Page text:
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Life with Pets

Your Dog Will Love These Winter Activities

Though cooler temperatures may tempt you and your pup to curl up in a blanket and hibernate, these dog-friendly winter activities will make you glad you got moving.

After you set up your doggy advent calendar and settle in for the cool, dark weeks of winter, you may start to wonder: What now?

Don’t worry—the following fun activities should help keep you and your pup sane until spring.

Man running in the winter weather with his dog

Get outside: Dog-friendly outdoor activities for cold weather

Summer may seem like the best season to get outside with your dog. But winter offers a wealth of adventures, too. And staying active year-round is important for your dog’s health. Plus, it provides a positive outlet for pent-up energy that might otherwise manifest as destructive behaviors.

Note: We’re entering a La Niña winter, which means it could be wetter and colder than normal depending on where you live. If your pup isn’t built for such conditions, take care to provide adequate protection (e.g., booties, outerwear). Also, consider that dogs with arthritis may not enjoy the low temperatures. As with any new activity, consult your vet if you have concerns.

So, what can you do outdoors? Here are a few ideas.

Give skijoring a shot.

If you’ve got a dog with Husky, Malamute, or other sledding breeds in their ancestry—or if they simply love to pull when on-leash—this winter activity could be a blast for you both. (Assuming you get a decent amount of snow.)

Skijoring is a form of mushing, or dog-powered transportation. Basically, your dog pulls you while you’re on skis. Sounds awesome, right? And if your dog turns out to be particularly adept at this new sport, you can even go pro, as there are competitive skijoring races around the world.

You’ll need some special equipment, such as a skijoring harness for your pup and a quick-release bungee tether. Your dog should also respond well to verbal commands (e.g., “whoa,” “gee,” “haw”)—a stop command, in particular. Otherwise, you may find yourself skiing into a tree as your dog bounds off after a squirrel.

Remember to bring some water along for your pup and incorporate mandatory breaks. Some breeds won’t stop to rest unless you make them.

Go for a hike.

Is your dog part Australian Shepherd, Lab, or another active breed? Winter weather likely won’t slow them down. In fact, they’ll probably want to continue their favorite activities—such as hitting the trail—despite colder temperatures.

Depending on your location, this could mean regular hiking or snowshoeing. If you spend any time on de-iced roads, however, be sure to clean off your pup’s paws after the adventure. (De-icing chemicals can be toxic.) Alternatively, outfit your dog with booties, which will also protect their feet from cold and sharp hazards, such as ice.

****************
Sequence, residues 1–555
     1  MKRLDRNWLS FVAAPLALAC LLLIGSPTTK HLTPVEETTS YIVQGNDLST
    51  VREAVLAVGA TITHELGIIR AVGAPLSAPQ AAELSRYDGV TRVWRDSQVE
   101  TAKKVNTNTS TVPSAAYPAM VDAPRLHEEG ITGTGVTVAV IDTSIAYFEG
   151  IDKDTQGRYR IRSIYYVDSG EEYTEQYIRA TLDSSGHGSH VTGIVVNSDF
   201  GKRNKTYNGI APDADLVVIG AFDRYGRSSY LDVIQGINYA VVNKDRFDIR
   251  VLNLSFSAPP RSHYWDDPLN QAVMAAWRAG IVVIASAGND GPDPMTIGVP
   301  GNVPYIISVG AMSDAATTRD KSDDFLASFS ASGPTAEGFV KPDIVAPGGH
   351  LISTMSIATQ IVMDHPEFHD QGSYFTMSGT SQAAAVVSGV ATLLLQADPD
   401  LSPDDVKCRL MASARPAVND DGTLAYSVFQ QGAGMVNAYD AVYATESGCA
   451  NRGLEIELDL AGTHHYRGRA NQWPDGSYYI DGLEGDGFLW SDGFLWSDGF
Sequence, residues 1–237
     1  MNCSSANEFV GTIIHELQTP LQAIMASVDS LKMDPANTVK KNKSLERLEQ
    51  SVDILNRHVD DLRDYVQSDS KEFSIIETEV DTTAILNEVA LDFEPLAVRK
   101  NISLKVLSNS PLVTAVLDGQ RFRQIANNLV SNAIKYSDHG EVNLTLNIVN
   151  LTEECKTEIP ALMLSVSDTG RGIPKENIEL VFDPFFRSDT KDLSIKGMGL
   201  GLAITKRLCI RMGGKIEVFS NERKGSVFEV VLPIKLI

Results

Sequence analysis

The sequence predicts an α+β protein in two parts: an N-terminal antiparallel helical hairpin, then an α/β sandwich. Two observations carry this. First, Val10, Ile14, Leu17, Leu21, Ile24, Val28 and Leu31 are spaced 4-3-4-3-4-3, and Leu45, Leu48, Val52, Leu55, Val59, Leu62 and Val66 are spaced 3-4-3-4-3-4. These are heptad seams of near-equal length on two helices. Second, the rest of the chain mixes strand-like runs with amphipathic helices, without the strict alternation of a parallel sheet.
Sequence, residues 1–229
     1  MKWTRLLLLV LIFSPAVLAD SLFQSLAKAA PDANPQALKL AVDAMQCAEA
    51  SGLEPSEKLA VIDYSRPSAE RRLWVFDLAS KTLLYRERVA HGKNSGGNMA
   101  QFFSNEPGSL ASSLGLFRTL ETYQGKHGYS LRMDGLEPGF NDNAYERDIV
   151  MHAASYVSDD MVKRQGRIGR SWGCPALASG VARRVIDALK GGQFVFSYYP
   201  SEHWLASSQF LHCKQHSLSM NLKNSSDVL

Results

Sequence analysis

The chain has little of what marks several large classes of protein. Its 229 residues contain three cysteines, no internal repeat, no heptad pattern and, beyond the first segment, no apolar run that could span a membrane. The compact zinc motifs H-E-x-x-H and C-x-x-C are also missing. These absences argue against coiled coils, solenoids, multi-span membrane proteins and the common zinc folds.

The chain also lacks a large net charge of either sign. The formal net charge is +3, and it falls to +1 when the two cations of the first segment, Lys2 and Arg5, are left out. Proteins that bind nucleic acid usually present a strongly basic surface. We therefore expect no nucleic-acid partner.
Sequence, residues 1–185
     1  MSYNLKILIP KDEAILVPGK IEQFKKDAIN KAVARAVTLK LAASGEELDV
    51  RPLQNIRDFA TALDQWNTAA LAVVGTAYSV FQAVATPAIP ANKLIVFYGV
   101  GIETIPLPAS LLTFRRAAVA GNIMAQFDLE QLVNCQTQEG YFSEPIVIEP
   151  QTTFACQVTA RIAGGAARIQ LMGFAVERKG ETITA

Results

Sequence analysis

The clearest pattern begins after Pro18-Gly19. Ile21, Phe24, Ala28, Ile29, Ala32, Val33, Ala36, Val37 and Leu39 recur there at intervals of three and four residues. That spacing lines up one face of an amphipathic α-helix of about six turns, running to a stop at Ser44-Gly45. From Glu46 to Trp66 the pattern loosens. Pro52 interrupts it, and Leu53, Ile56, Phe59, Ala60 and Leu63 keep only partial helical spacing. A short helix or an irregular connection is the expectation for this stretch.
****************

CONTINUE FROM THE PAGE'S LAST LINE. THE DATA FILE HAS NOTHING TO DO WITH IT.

Note: It’s a good habit to check paw pads after coming inside for irritation, injury, and even mats between toes (especially for Northern breeds like Huskies and Malamutes). And keep in mind that dry, cold weather or frequent changes in humidity can irritate your pup’s skin. Running a humidifier in your house may help. And you can reduce bathing frequency to preserve their coat’s natural oils. Finally, watch for cracked or chapped noses.

Black dog sitting on a pillow inside

Stay inside: Ways to keep your pup entertained at home

If either you or your dog prefers to stay indoors when temperatures drop, there are still plenty of ways to build your bond and keep things interesting.

Touch up on training.

It’s never a bad time to brush up on the old standbys, including “come,” “sit,” “stay,” and “leave it.” But why not take things to the next level this winter and teach your pup something new, such as “left” (turn counterclockwise) or “give paw”?

Or, if you want training time to double as a workout, have your dog do several “doggy pushups” by commanding them to move between standing, sitting, and down positions. 

If your dog doesn’t respond well to these activities, it could have to do with their ancestry. Get breed-based training tips →

Try games and puzzles.

When it comes to playing with your pup at home, you’re limited only by your imagination. But here are a few suggestions to get your creative juices flowing:

  • Treasure hunts / nose work. Hounds tend to dominate this sport, but any dog can learn to be great. Hide your pup’s kibble around the house—or even inside shoeboxes—to make mealtime an engaging (and, let’s be honest, fun-to-watch) ordeal.
  • Brain toys. Have a pup with a high IQ? See how long it takes them to solve a treat puzzle. As we wrote about in our dog gift guide, we recommend Outward Hound’s puzzle products.
  • Obstacle course. Busybody breeds, such as Border Collies, will love this one. Set up cardboard boxes, footstools, and other household items in your living room, and lure your dog through the challenges for an activity that exercises their body and mind.

Want more ideas? Check out our guide on at-home, dog-friendly activities →

Black dog licking snow off their nose

Wishing you a wonderful winter

Due to COVID-19, you might not be visiting indoor dog parks or dressing up to go take photos with Santa this winter. But we hope this post has given you a few ideas of things you can do with your dog during these colder months!